Today, Feb 16th, sees the release of the second single from Sam Smith – Money On My Mind.
The radio friendly 3mins 33secs long track is the second single to come for Smith’s forthcoming debut album, In the Lonely Hour, scheduled for released on 26th May through Capitol Records.
Money On My Mind is a soft piano/percussion exploration of the pressures Sam Smith now faces, with record label expectations increasing as his profile does. Following the success of Disclosure’s Latch in October 2012, where Smith’s vocals led an otherwise tempered UK Garage track, 2013 saw Sam Smith release his debut single – Lay Me Down, achieve a No1 position with his collaboration on Naughty Boy’s La La La single, collaborate with Nile Rogers and James Napier on Together, and release his debut Nivana EP. In February this year Smith also won the BRIT Critics’ Choice and the BBC Sound Of awards, encouraging music industry pundits to cite Smith as a ‘one to watch’ for 2014. Busy.
Money On My Mind wraps Smith‘s soulful vocals around a R’n’B meets UK Garage standard. The accompanying video shows Smith singing as he walks through Las Vegas vignettes, showing a quiet disdain for the fiscal focus of those around him.
Following the framework of Disclosure’s Latch, Money On My Mind is divide of restrain verses by an almost falsetto chorus. Moving away from the softer ballad, and stronger vocals, of Lay Me Down, Money On My Mind could be a concerted move back towards the mainstream Electronica that first introduced Smith.
Money On My Mind is released via Capitol Records today (Feb 16th). To watch the official video, click here or on the image below.
For more on Sam Smith, including links to digital purchase platforms for Money On My Mind and Smith’s wider portfolio, visit http://samsmithworld.com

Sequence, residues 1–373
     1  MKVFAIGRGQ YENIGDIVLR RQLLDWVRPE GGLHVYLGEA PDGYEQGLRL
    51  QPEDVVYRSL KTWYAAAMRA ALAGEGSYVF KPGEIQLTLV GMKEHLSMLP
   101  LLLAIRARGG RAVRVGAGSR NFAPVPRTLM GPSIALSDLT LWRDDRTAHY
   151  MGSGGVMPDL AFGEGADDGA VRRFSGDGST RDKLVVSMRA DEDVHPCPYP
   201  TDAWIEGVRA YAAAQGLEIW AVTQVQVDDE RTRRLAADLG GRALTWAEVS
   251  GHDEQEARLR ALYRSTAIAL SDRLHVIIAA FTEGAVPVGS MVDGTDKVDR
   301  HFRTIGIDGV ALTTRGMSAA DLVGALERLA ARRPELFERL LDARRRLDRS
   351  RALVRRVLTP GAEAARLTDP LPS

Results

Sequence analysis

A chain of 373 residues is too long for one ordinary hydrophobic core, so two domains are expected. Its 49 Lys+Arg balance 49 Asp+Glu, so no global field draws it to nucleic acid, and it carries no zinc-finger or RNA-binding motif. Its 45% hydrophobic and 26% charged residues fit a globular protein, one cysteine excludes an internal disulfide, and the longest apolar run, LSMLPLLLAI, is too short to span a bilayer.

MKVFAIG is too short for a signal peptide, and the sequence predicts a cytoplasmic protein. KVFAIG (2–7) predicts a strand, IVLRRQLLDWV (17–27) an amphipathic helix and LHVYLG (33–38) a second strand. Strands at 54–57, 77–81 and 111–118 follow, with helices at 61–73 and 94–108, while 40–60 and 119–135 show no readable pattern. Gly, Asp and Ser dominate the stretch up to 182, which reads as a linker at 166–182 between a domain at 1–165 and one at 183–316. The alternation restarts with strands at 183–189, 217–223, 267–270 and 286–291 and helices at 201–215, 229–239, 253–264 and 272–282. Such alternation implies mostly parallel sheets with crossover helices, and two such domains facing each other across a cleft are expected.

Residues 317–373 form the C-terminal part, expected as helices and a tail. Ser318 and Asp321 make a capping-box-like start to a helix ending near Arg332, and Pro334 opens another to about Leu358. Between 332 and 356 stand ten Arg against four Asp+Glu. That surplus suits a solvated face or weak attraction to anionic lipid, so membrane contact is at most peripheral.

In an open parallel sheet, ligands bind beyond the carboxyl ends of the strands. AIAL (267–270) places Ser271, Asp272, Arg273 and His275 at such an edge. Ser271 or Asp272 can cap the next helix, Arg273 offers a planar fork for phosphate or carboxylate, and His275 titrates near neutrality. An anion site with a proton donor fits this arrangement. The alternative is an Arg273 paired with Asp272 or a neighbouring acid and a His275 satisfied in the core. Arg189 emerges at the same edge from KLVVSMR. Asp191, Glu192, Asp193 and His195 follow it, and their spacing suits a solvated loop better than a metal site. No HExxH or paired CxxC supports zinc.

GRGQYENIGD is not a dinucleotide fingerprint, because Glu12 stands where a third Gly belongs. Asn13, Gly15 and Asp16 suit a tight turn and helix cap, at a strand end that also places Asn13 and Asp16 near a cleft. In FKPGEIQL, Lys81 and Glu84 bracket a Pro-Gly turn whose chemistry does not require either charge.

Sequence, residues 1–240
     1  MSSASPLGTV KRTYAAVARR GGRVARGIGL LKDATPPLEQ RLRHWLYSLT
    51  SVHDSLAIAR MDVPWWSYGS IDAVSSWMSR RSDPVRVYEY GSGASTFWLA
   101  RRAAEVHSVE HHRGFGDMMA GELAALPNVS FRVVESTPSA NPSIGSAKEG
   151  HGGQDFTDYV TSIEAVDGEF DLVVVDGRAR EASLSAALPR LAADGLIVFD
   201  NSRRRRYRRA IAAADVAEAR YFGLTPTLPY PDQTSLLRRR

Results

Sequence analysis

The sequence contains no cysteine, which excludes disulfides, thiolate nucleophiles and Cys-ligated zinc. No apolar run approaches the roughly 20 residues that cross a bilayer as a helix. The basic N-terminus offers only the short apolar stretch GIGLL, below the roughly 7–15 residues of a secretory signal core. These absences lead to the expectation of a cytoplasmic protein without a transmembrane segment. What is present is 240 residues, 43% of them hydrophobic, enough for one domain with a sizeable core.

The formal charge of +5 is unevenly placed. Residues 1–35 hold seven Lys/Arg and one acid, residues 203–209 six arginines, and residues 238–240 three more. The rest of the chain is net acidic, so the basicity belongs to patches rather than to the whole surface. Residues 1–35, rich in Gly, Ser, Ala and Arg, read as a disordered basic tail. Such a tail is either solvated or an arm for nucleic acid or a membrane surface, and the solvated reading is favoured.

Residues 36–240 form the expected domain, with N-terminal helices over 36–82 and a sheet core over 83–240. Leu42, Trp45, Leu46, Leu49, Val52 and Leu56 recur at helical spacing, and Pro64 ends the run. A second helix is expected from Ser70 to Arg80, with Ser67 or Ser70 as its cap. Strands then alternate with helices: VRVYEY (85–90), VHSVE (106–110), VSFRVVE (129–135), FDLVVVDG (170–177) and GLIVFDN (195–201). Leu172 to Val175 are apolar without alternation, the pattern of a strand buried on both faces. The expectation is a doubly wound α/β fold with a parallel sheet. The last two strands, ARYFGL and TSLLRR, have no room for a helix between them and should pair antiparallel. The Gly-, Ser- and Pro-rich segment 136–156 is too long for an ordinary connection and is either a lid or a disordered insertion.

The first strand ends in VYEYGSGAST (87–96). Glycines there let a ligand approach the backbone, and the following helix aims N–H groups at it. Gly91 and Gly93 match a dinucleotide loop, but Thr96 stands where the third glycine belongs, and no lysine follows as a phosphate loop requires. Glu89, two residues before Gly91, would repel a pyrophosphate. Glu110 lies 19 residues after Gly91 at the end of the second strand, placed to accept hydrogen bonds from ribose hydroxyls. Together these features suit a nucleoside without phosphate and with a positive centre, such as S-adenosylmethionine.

I’m not a modern Soul fan, often finding it too brash and arrogant. But Sam Smith has allowed me to dip my toe back in these more melodic waters without feeling inadequately bling. Money On My Mind is a masterful statement from an artist entering into such a fiscally driven genre and I, for one, applaud him for it.
On the down side, it’s a bit dull. Or perhaps low key; reminding me too much of Disclosure’s Latch, which is an exceptionally average production brought to life by refreshing vocals. Money On My Mind has more substance than Latch, but it still feels like a safe step in the right direction rather than a sprint.
But look, or rather read; in the second verse Smith sings:
Please don’t get me wrong,
I wanna keep it moving.
I know what that requires,
I’m not foolish.
Please can you make this work for me
Cause I’m not a puppet I won’t work against your strings.
Which is ballsy. Across 2014 the eyes of screaming teenagers, precocious gents in their early twenties, and the abacus obsessed A&R ax men will be staring at Sam Smith with an unwritten (or written in triplicate and signed) rule that they want what’s coming. Sam Smith is the latest in a long line of people being built up with little regard for an actual future, and Money On My Mind feels like a two fingered reminder that he’s ‘doing it for the love’.
So good for you Sam Smith, I wish you well. And if we could have more opportunities to hear you f*cking belt it out, then even better.
Ed King is editor of Birmingham Review. Follow him @EdKing2210